Biography:Dominicus Gundissalinus

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Dominicus Gundissalinus, also known as Domingo Gundisalvi or Gundisalvo (c. 1115 – post 1190), was a philosopher and translator of Arabic to Medieval Latin active in Toledo. Among his translations, Gundissalinus worked on Avicenna's Liber de philosophia prima and De anima, Ibn Gabirol's Fons vitae, and al-Ghazali's Summa theoricae philosophiae, in collaboration with the Jewish philosopher Abraham Ibn Daud and Johannes Hispanus.[1] As a philosopher, Gundissalinus crucially contributed to the Latin assimilation of Arabic philosophy, being the first Latin thinker in receiving and developing doctrines, such as Avicenna's modal ontology or Ibn Gabirol's universal hylomorphism, that would soon be integrated into the thirteenth-century philosophical debate.


Born presumably in the Iberian Peninsula around 1115–1125, Gundissalinus received his education in Chartres, supposedly following the teaching of William of Conches and Thierry of Chartres.[2][3] Since 1148, Gundissalinus is in Castile: the capitular archives of Segovia refer to him as archdeacon of Cuéllar, a small town not far from Segovia, where he presumably spent around 14 years, regarding which almost no information is available.[4] Following Ibn Daud's request to the archbishop of Toledo, John II, to start a series of translations into Latin of Avicenna's Kitab al-Shifāʾ, Gundissalinus moved to Toledo in 1161–1162, where he worked with Ibn Daud on the translation of Avicenna's De anima, realised before 1166.[5][6]

Gundissalinus remained in Toledo for twenty years, collaborating with Abraham Ibn Daud and Johannes Hispanus to the realisation of around twenty translations of Arabic works into Latin. In the Castilian capital, Gundissalinus also wrote his philosophical treatises.[7] The Toledan chapter names Gundissalinus for the last time in 1178 but he presumably remained in Toledo at least until 1181, when a document written in Arabic mentions his name.[8][9]

The last record witnessing Gundissalinus alive is the report of a meeting between the chapters of Segovia and Burgos, held in Segovia in 1190.[10] It is probable that the last years of Gundissalinus's life were spent in that Castilian town, and he died sometime after 1190.[1]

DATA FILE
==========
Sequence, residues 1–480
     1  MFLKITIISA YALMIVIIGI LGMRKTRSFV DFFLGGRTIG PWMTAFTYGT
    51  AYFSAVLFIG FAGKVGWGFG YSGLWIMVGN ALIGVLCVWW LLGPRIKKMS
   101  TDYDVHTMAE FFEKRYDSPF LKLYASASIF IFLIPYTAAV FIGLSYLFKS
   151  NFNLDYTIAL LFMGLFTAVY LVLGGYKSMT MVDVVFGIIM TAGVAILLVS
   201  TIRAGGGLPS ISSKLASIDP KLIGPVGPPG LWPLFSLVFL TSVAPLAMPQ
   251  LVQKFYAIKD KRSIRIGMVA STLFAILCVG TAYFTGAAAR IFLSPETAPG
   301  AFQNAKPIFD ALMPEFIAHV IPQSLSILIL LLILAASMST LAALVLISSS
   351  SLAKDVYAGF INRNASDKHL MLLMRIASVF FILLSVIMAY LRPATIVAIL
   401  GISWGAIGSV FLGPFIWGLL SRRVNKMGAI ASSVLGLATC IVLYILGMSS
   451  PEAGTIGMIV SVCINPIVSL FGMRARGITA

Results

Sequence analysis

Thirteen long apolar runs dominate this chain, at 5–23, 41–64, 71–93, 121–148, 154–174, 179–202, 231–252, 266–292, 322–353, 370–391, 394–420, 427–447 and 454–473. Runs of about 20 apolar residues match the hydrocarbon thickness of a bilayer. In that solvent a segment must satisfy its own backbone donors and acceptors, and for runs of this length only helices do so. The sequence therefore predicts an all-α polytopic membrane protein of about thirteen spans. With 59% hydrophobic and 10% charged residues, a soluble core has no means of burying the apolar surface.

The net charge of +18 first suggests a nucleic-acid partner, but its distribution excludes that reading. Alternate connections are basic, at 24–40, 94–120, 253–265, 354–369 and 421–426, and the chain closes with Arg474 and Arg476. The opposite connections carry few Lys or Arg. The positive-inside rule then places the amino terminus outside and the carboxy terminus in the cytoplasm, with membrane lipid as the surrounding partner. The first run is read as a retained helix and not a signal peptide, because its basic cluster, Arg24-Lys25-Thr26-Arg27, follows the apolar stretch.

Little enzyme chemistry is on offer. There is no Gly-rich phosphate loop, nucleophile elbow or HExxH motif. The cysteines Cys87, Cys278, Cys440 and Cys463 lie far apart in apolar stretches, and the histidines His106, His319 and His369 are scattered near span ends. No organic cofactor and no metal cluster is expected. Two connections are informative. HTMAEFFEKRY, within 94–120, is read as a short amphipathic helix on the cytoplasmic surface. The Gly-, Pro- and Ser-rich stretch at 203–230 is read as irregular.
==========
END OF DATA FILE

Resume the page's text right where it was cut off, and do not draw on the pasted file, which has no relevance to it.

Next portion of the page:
See also

  • Toledo School of Translators
  • Latin translations of the 12th century


  1. 1.0 1.1 Polloni, Nicola (2016-10-12). "Elementi per una biografia di Dominicus Gundisalvi" (in it). Archives d'Histoire Doctrinale et Littéraire du Moyen Âge Tome 82 (1): 7–22. doi:10.3917/ahdlm.082.0007. ISSN 0373-5478. 
  2. Fidora, Alexander, 2011, 'Le débat sur la création: Guillaume de Conches, maître de Dominique Gundisalvi?', in B. Obrist - I. Caiazzo (eds.), Guillaume de Conches: Philosophie et science au XIIe siècle, Firenze, 271-288.
  3. Polloni, Nicola (2015-01-01). "Thierry of Chartres and Gundissalinus on Spiritual Substances: The Problem of Hylomorphic Composition". Bulletin de Philosophie Médiévale 57: 35–57. doi:10.1484/J.BPM.5.110804. ISSN 0068-4023. 
  4. Villar García, L.M., 1990, Documentación medieval de la Catedral de Segovia (1115-1300), Salamanca, 91.
  5. Hernandez, J., 1985, Los Cartularios de Toledo. Catalogo Documental, Madrid, 130.
  6. Bertolacci, Amos, 2011, 'A Community of Translators: The Latin Medieval Versions of Avicenna’s Book of the Cure', in C. J. Mews- J. N. Crossley (eds.), Communities of Learning: Networks and the Shaping of Intellectual Identity in Europe 1100-1500, Turnhout, 37-54
  7. Polloni, Nicola (2017). Domingo Gundisalvo. Una introducción. Madrid: Editorial Sindéresis. ISBN 978-84-16262-34-2. 
  8. D'Alverny, Marie-Thérèse, 1989, 'Les traductions à deux interprètes, d’arabe en langue vernaculaire et de langue vernaculaire en latin', in G. Contamine, (ed.), Traduction et traducteurs au Moyen Âge. Actes du colloque international du CNRS organisée à Paris, Institut de recherche et d’histoire des textes, les 26-28 mai 1986, Paris, 193-206.
  9. Alonso Alonso, Manuel, 1943, 'Notas sobre los traductores toledanos Domingo Gundisalvo y Juan Hispano', al-Andalus 8: 155-188
  10. Villar García, L. M., 1985, Documentación medieval de la Catedral de Segovia (1115-1300), Madrid, 135.


  • Polloni, Nicola, 2017, Domingo Gundisalvo. Una introducción, Editorial Sindéresis, Madrid.[1]

External links